The BC NDP government has introduced two changes to employment law in this session of the legislature. We have a new statutory holiday and pay transparency obligations coming our way. We are also following a private member’s bill on the subject of non-disclosure agreements.

National Day for Truth and Reconciliation Act

The National Day for Truth and Reconciliation is now a holiday in BC under the BC Employment Standards Act. It will occur on September 30 each year. This change aligns BC with the federal government enactment of this statutory holiday under the Canada Labour Code in 2021. 

The Pay Transparency Act

The BC government has also introduced a bill that will bring pay transparency legislation to BC. The stated goal of this new legislation is to help close the gender pay gap, including the gender gap for Indigenous, racialized and newcomer women.  

Under this new law, provincially regulated employers in BC will be required to include the salary or wage, or the salary or wage range, in job advertisements and will be prohibited from asking prospective employees about compensation history unless that information is public. Also, an employer will no longer be able to enforce a requirement that employees not disclose their compensation to other employees or job applicants.

These obligations will come into effect as of November 1, 2023, assuming the bill is passed into law. It is scheduled for second reading later in March 2023.  

There will also be a reporting requirement on employers that will be introduced in stages depending on employee complement size. The public service and larger Crown corporations will need to report as of November 1, 2023. Private sector and other employers will need to report as follows:

  • 1       November 1, 2024 – 1,000 employees or more.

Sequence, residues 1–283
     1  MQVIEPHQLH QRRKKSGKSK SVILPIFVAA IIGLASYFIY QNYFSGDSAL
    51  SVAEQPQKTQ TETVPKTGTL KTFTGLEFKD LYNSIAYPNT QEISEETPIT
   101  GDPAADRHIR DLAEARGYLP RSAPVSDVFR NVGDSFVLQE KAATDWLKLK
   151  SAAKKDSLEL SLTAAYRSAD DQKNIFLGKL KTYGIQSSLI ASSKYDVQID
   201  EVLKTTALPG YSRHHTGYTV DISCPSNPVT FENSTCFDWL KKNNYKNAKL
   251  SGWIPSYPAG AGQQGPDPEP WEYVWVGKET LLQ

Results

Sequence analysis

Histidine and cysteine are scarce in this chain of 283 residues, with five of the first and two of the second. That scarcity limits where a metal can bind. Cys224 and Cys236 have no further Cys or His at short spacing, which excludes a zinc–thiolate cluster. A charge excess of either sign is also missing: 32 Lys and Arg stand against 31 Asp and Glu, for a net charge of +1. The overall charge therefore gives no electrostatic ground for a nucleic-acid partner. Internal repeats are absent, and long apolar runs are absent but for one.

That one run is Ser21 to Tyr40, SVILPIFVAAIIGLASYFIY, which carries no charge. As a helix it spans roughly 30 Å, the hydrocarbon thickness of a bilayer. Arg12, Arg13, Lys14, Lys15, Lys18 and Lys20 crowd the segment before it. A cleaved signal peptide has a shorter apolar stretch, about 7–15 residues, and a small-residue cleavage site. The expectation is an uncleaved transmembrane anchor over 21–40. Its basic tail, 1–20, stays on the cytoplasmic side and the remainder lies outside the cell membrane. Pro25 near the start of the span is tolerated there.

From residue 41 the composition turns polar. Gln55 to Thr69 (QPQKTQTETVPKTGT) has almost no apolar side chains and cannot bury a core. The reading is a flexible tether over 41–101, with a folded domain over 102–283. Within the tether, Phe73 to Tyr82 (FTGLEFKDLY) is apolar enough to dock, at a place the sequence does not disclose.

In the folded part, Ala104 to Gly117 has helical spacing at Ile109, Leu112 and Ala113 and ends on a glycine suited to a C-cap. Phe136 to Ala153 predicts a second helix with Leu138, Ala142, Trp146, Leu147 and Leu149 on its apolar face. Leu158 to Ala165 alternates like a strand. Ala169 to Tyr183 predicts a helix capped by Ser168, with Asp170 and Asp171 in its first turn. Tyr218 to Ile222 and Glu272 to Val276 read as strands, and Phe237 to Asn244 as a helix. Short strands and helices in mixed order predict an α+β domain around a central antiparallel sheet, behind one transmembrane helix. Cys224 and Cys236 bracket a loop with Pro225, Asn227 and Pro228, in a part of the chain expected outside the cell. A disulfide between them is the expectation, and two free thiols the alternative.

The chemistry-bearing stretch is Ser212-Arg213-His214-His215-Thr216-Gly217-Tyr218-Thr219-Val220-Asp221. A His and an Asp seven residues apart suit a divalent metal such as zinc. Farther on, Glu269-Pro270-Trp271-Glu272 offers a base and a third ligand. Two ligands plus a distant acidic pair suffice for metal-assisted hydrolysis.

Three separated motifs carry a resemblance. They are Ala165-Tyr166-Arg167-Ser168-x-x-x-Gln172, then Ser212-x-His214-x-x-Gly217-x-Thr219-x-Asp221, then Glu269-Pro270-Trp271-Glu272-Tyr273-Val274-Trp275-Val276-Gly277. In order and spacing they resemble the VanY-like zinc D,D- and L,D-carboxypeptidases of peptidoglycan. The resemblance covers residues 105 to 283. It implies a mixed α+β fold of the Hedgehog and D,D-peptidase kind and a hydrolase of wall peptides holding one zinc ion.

• 2      November 1, 2025 – 300 employees or more.
  • 3      November 1, 2026 – 50 employees or more (or a lower number if prescribed).

The reporting requirements are not set out in the bill but will be issued through regulation in the fall. The government has indicated, though, that the gender reporting requirements will go beyond the gender binary, which BC says will be a first for pay transparency legislation in Canada.

It is not clear from the bill whether these employee thresholds are based on the number of employees in BC or include employees outside BC. It is also not clear whether the reporting requirements will be limited to BC data or include data from outside BC, although we expect that the reporting requirement will be limited to BC data due to constitutional jurisdiction reasons.  

There is currently some form of pay transparency legislation in three other provinces and federally, although the obligation in Quebec and under federal law is only a reporting requirement. 

Non-Disclosure Agreements Act

Finally and also with a stated goal of transparency, Green Party leader, Sonia Furstenau, has introduced a bill in the legislature that would restrict the use of NDAs related to allegations of discrimination and harassment. Currently, there are no restrictions on employers asking complainants to agree, as part of a settlement, not to disclose information related to their allegations. This bill would restrict this right by allowing time to access legal advice, allowing complainants to waive their agreement later, and putting time limits on NDAs. Private members’ bills seldom get enacted, but we will follow it to see if the government backs it.


Partner, Canadian National Chair, Employment and Labour

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